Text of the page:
Samsung Keeps Tuning F2FS File-System Performance
Written by Michael Larabel in Linux Kernel on 9 January 2014 at 01:44 AM EST. 11 Comments
It's been almost one and a half years since Samsung introduced the F2FS file-system. Samsung's game-plan for F2FS still isn't yet clear with not having seen any widespread flash deployments yet on consumer devices, but regardless, it's continuing to receive new improvements and features each Linux kernel update.

The initial F2FS benchmark results were impressive against the established Linux file-systems like EXT4 and Btrfs. F2FS is just designed to run on flash-based storage mediums and is designed around the characteristics of NAND flash memory. If you're not yet familiar with Samsung's Flash-Friendly File-System, there's been dozens of Phoronix articles covering its performance, its new features, etc.

For those not actively monitoring the Linux kernel mailing list, more performance improvements are abound for F2FS. Among other patches still outstanding, Jaegeuk Kim of Samsung has more performance improvements, such as with this patch from yesterday.

The latest patch improves the write performance under workloads where fsync() is called frequently. The random write performance with this patch is reportedly up by about another 10%. This patch along with other improvements should be seen within the Linux 3.14 kernel that will soon be entering its official development stage.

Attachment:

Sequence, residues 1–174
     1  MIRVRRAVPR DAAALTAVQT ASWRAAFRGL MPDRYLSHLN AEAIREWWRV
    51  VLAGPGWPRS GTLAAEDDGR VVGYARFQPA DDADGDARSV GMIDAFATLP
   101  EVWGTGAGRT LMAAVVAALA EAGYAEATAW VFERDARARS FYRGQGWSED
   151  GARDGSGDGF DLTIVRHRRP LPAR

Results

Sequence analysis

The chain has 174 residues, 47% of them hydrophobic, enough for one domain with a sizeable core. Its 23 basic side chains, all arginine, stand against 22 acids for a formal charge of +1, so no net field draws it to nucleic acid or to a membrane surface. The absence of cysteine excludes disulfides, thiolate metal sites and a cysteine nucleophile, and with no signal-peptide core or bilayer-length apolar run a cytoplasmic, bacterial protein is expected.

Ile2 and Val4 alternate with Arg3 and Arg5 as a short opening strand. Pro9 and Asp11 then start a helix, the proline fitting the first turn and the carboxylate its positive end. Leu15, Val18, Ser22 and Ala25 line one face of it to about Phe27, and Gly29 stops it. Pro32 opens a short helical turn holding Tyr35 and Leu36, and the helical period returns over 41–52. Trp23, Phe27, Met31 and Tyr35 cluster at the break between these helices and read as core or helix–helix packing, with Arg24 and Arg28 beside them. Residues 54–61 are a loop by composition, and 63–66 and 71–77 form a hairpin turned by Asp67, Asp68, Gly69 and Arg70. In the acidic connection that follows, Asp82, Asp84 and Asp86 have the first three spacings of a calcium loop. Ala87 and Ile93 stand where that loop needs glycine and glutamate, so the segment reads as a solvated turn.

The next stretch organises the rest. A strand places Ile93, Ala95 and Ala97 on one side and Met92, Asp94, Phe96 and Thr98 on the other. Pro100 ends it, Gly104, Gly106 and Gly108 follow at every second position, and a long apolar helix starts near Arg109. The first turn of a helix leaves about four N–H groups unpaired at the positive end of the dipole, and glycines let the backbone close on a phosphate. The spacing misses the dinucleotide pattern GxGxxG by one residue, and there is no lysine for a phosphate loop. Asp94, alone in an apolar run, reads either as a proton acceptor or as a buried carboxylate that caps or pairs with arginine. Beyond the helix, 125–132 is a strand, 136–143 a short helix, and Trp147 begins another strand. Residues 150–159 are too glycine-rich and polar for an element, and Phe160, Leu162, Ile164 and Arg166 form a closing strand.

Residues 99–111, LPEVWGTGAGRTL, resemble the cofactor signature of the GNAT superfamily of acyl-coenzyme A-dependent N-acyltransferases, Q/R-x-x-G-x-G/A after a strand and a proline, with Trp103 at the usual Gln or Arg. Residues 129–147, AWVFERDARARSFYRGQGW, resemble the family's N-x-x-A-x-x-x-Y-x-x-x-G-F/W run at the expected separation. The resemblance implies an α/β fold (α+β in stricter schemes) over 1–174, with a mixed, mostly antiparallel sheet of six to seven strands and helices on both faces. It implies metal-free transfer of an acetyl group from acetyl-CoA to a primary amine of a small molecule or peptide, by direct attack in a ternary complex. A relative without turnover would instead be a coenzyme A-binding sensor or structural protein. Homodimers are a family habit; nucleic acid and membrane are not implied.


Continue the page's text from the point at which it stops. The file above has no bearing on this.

Features still being planned/developed for F2FS include offline file-system checking, offline resizing, improved direct I/O, data de-duplication support, transparent compression support, removable device support, and atomic operations. Also likely blocking Samsung from using F2FS yet in any consumer devices is the lack of a Windows F2FS file-system driver, although it's been talked about as a future work item.

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Michael Larabel is the principal author of and founded the site in 2004 with a focus on enriching the Linux hardware experience. Michael has written more than 10,000 articles covering the state of Linux hardware support, Linux performance, graphics drivers, and other topics. Michael is also the lead developer of the Phoronix Test Suite, Phoromatic, and automated benchmarking software. He can be followed via Twitter or contacted via

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